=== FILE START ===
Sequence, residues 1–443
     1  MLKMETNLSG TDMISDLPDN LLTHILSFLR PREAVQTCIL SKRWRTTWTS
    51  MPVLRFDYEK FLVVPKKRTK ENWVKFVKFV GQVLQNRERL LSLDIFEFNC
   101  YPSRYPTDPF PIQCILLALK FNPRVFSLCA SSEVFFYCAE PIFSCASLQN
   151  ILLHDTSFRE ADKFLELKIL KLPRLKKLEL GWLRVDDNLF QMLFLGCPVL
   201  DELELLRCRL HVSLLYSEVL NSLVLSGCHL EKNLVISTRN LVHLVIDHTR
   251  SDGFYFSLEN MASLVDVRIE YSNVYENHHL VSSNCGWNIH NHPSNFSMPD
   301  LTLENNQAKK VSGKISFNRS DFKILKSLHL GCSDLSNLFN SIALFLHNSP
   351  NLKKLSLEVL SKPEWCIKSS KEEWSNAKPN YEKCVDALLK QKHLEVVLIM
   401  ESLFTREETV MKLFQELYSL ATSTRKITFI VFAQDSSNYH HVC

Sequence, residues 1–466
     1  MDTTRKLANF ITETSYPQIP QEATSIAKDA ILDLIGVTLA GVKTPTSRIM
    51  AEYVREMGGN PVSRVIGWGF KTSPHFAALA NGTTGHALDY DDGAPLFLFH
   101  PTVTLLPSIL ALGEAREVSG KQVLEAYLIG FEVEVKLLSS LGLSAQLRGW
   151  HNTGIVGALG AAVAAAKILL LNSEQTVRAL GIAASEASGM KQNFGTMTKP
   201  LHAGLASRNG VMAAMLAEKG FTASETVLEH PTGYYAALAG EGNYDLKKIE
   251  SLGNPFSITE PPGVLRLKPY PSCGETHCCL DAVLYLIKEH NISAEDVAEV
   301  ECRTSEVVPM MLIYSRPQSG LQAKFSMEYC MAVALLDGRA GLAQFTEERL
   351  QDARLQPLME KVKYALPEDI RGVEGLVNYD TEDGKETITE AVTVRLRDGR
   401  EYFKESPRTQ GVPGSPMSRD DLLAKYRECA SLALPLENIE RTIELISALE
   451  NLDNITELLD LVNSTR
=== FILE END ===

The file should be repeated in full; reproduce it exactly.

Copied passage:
Sequence, residues 1–443
     1  MLKMETNLSG TDMISDLPDN LLTHILSFLR PREAVQTCIL SKRWRTTWTS
    51  MPVLRFDYEK FLVVPKKRTK ENWVKFVKFV GQVLQNRERL LSLDIFEFNC
   101  YPSRYPTDPF PIQCILLALK FNPRVFSLCA SSEVFFYCAE PIFSCASLQN
   151  ILLHDTSFRE ADKFLELKIL KLPRLKKLEL GWLRVDDNLF QMLFLGCPVL
   201  DELELLRCRL HVSLLYSEVL NSLVLSGCHL EKNLVISTRN LVHLVIDHTR
   251  SDGFYFSLEN MASLVDVRIE YSNVYENHHL VSSNCGWNIH NHPSNFSMPD
   301  LTLENNQAKK VSGKISFNRS DFKILKSLHL GCSDLSNLFN SIALFLHNSP
   351  NLKKLSLEVL SKPEWCIKSS KEEWSNAKPN YEKCVDALLK QKHLEVVLIM
   401  ESLFTREETV MKLFQELYSL ATSTRKITFI VFAQDSSNYH HVC

Sequence, residues 1–466
     1  MDTTRKLANF ITETSYPQIP QEATSIAKDA ILDLIGVTLA GVKTPTSRIM
    51  AEYVREMGGN PVSRVIGWGF KTSPHFAALA NGTTGHALDY DDGAPLFLFH
   101  PTVTLLPSIL ALGEAREVSG KQVLEAYLIG FEVEVKLLSS LGLSAQLRGW
   151  HNTGIVGALG AAVAAAKILL LNSEQTVRAL GIAASEASGM KQNFGTMTKP
   201  LHAGLASRNG VMAAMLAEKG FTASETVLEH PTGYYAALAG EGNYDLKKIE
   251  SLGNPFSITE PPGVLRLKPY PSCGETHCCL DAVLYLIKEH NISAEDVAEV
   301  ECRTSEVVPM MLIYSRPQSG LQAKFSMEYC MAVALLDGRA GLAQFTEERL
   351  QDARLQPLME KVKYALPEDI RGVEGLVNYD TEDGKETITE AVTVRLRDGR
   401  EYFKESPRTQ GVPGSPMSRD DLLAKYRECA SLALPLENIE RTIELISALE
   451  NLDNITELLD LVNSTR